I know that Oneontans are independent-minded folks – never shy about letting you know when they disagree with you – but we come together as one when times are tough. I could not be more proud of your doing so this past year.
ONEONTA – Finally, some good news in the COVID-19 outbreak.
“From what I can see, there is no community transmission,” Heidi Bond, public health director, Otsego County Department of Health, said Tuesday, Sept. 8, as the daily infections on SUNY Oneonta dropped to 16 from the Friday, Sept. 4, peak of 134.
Beginning Wednesday, Sept. 2, nearly 2,000 rapid tests were conducted at the three Oneonta testing sites – St. James Episcopal Church, Foothills and the Oneonta Armory – with 91 positives. Of those, 85 were in the 18-24 range – all college students.
The remaining nine were linked to the student population – family and friends, for instance, according to Mayor Gary Herzig. The SUNY Oneonta total as of Tuesday was 701; Hartwick College cases stood at 11, stable since Sunday.
“It does appear we caught this on time,” said Herzig. “We were able to prevent it from spreading to the non-student population.”
Additionally, none of the faculty and staff at SUNY Oneonta had tested positive for the virus since the outbreak began Aug. 25.
Herzig credits quick action following reports of “too many parties” on Saturday, Aug. 22. “The next day, I notified Governor Cuomo’s office about my concern, even before we had a positive test,” he said. “Within 24 hours, I had a call from Chancellor (Jim) Malatras, and the governor had redirected four test sites” – three downtown; a fourth at the college – “to Oneonta. It was very helpful.”
When Malatras implemented mandatory saliva testing, the infected students were quickly identified.
“All of these actions resulted in a swift response,” he said. “We knew who had contracted the virus and isolated them.”
Bond also credits mask-wearing, frequent hand-washing and other “personal, protective precautions,” to keeping the virus at bay.
“People have been taking more precautions since that unfortunate Saturday night,” said Herzig.
AT SUNY, the majority of the students are “mildly symptomatic,” with sore throats, congestion, coughs and fevers, said Bond. One has developed COVID-related pneumonia, but none have been hospitalized.
“The Chancellor’s decision to close the school” – he did so at a press conference on campus Thurday, Sept. 3 – “was the right one,” said Herzig. “Given the spread, it was clear that it couldn’t be contained.”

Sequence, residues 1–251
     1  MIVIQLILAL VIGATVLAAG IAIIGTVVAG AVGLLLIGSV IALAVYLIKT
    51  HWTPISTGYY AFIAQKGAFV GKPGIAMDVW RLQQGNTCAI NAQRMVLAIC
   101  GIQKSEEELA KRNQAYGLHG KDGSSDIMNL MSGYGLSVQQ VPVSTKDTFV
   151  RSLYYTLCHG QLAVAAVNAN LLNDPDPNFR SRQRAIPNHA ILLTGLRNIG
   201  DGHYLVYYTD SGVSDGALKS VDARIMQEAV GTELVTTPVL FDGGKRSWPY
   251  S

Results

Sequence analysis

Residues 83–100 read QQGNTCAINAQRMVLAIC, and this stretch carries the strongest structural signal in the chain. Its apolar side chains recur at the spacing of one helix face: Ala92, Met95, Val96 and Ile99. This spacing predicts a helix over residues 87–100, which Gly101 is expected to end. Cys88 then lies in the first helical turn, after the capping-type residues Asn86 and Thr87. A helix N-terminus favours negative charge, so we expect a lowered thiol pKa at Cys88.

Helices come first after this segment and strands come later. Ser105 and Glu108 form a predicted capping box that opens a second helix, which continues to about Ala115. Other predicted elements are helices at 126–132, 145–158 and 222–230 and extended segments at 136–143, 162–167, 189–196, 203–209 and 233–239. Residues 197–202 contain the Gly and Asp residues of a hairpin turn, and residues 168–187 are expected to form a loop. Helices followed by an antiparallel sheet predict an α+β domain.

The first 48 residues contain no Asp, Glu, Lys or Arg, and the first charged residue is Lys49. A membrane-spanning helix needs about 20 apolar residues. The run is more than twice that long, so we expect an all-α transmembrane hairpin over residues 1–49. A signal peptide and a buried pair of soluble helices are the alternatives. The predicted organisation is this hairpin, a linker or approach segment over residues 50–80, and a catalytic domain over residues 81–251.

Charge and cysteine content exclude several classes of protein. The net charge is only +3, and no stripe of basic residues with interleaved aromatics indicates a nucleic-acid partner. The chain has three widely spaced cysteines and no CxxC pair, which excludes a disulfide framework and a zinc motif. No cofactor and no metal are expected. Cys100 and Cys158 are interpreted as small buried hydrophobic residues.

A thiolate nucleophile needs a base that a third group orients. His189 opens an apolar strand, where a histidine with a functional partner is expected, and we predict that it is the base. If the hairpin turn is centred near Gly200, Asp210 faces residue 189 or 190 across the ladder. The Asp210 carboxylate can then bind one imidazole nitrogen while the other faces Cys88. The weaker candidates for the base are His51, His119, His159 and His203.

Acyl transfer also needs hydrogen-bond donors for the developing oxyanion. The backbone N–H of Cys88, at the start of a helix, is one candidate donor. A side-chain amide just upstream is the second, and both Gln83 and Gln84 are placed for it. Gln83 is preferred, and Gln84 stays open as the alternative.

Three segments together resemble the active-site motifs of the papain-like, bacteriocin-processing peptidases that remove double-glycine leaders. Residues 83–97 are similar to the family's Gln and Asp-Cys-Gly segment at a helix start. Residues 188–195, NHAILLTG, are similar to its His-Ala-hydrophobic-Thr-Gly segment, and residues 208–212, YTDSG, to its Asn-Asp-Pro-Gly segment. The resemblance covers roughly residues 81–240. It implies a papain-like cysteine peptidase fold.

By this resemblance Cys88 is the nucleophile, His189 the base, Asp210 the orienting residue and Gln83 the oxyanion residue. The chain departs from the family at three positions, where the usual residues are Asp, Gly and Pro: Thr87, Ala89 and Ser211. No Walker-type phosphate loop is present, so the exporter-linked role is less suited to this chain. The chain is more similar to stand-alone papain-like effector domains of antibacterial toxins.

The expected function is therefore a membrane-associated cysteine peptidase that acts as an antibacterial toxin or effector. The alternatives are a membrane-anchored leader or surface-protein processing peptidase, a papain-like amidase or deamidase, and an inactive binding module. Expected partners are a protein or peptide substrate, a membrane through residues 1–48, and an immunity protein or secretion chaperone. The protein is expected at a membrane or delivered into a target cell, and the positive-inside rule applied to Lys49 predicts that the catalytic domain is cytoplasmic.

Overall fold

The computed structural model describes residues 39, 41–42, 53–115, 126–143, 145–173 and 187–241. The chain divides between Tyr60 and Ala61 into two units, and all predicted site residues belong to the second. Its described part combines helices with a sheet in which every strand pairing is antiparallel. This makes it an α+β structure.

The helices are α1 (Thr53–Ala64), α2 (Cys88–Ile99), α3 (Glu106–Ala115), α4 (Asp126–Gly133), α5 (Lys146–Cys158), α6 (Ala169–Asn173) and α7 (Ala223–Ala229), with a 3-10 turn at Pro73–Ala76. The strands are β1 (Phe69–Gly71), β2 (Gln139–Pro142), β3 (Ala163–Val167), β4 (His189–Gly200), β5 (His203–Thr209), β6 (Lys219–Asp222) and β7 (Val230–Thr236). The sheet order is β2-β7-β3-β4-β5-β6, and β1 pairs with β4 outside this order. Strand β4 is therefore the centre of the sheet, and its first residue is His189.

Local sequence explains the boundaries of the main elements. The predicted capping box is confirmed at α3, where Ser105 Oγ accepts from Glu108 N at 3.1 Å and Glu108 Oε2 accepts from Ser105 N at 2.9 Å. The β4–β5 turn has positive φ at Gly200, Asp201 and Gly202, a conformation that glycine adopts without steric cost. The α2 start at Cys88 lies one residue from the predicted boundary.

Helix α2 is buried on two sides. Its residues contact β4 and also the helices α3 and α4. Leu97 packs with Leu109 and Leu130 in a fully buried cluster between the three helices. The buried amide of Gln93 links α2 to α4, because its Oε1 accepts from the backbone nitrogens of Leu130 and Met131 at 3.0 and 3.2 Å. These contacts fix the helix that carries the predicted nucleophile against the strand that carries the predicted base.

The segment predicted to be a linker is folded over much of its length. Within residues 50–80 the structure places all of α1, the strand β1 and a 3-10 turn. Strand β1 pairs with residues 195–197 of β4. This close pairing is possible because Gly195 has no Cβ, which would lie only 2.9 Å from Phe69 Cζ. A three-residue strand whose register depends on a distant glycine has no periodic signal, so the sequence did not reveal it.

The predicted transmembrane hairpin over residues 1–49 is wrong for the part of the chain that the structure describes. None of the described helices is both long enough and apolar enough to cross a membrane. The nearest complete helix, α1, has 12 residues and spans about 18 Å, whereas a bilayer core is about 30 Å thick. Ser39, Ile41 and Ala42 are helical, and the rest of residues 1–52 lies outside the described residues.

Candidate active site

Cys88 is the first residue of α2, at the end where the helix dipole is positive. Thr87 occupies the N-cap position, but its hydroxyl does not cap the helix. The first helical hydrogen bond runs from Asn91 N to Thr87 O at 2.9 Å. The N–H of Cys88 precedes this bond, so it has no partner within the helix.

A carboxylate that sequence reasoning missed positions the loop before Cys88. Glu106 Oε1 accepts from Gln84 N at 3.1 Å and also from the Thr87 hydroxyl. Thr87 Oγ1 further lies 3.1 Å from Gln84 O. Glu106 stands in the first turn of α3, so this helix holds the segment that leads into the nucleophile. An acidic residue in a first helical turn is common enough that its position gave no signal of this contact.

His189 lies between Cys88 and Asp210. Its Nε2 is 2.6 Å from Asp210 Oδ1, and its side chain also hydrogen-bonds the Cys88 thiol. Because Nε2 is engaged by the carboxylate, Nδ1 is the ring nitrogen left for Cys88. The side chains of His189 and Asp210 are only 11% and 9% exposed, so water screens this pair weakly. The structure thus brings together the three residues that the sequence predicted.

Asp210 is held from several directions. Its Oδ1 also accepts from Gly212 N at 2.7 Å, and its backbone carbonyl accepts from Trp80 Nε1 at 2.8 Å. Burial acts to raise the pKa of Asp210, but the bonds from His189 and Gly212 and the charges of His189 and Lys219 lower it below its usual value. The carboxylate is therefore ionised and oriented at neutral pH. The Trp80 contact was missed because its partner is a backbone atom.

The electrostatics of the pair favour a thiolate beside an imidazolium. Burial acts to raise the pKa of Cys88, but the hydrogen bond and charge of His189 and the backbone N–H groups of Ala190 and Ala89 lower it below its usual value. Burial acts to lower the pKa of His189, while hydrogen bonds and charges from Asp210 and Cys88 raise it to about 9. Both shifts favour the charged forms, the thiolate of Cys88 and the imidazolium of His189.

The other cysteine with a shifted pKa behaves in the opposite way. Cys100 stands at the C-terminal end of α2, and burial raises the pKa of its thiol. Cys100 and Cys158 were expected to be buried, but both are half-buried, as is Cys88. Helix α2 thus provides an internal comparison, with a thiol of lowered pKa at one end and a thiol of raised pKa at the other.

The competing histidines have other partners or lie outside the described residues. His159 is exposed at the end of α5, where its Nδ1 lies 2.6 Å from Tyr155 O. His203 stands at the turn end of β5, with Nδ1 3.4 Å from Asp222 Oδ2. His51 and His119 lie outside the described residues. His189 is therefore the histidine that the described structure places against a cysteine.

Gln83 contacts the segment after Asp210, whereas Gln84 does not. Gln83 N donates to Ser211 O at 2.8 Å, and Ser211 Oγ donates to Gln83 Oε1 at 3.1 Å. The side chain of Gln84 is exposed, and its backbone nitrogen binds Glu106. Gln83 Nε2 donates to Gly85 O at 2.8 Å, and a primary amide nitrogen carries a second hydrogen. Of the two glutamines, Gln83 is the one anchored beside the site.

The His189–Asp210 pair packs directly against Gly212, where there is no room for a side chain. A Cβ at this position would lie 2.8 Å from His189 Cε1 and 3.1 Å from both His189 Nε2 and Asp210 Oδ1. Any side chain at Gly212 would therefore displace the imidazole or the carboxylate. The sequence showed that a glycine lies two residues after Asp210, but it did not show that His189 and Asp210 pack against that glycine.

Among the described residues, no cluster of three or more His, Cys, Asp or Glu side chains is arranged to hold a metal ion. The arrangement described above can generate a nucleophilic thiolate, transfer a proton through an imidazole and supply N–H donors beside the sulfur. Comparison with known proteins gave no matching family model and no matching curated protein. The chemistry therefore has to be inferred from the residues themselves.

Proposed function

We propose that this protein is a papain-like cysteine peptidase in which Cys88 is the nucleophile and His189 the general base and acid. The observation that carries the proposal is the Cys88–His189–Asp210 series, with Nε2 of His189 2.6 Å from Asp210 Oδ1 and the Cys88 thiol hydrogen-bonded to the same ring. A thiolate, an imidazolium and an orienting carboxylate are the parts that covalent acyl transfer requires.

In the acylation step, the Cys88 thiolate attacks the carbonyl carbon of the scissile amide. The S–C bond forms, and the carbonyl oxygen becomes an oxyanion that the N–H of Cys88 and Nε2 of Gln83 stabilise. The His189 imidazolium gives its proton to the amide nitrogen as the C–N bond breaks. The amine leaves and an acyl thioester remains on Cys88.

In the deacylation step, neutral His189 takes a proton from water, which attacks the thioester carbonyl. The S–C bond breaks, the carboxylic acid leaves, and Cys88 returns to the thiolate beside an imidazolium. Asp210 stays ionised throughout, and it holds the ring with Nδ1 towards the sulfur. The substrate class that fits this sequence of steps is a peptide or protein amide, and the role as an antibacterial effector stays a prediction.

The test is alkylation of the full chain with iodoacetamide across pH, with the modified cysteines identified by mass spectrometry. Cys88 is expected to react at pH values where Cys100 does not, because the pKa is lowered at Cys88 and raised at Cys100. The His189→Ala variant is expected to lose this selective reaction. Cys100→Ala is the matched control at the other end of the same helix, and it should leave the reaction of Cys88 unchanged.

Bond warned that several off-campus SUNY students had been issued citations by the county Department of Health for violating quarantine after they were found to have been “outside of their residence.”
“You can face civil charges for violating quarantine,” she said. “And we’ve been working with the school on students who are found to be in violation of their quarantine. They have avenues as well.”
But she said the majority of the students had been compliant. “There has to be a level of trust there,” she said. “We’re monitoring more than 400 students.”
The Department of Health does random check-ins with students, and Oneonta Police have volunteered to do drive-bys of quarantined students living off campus to make sure they’re obeying the order.
However, Herzig did recognize the economic impact the closure may have on Oneonta. “This is going to hurt our local businesses and the city finances,” he said. “And these impacts will have to be addressed.”
Though the on-campus students who tested negative have been ordered to leave campus, those who live off-campus are welcome to remain, said Herzig.
“They’re residents of the city,” he said. “They pay rent, and no authority can order them to leave. We will have many students who will live here and continue to study, and we want to talk about how all of us can make sure we hold onto the gains that we have achieved.”
To that end, Herzig said, the state left four of the rapid-test machines behind, and he is working with the Department of Health to schedule another round of free testing.
“We have a lot to be thankful for,” said Herzig. “Every one of us did our part, even if all you did was put on a mask. We have all acted together to prevent this from spreading out of control.”
ONEONTA – SUNY’s new chancellor, Jim Malatras, will be in Oneonta Monday, meeting with the mayor and the local college president to ensure everything is being done to stem the worst outbreak of COVID-19 – 29 cases – among the system’s 64 institutions.
“We’re one SUNY family,” Malatras told WAMC Radio’s reporter Ian Pickus on Friday’s Midday Magazine in an interview that centered largely on SUNY Oneonta. “We’re going to harness all the firepower of SUNY.”
Mayor Gary Herzig said he, the new chancellor and SUNY Oneonta President Barbara Jean Morris will “sit down and talk about how things have been going.” Herzig, who’s been “disappointed” with Morris’ interface with City Hall, said of Malatras, “He’s been great. He’s been very, very cooperative, very hands-on.”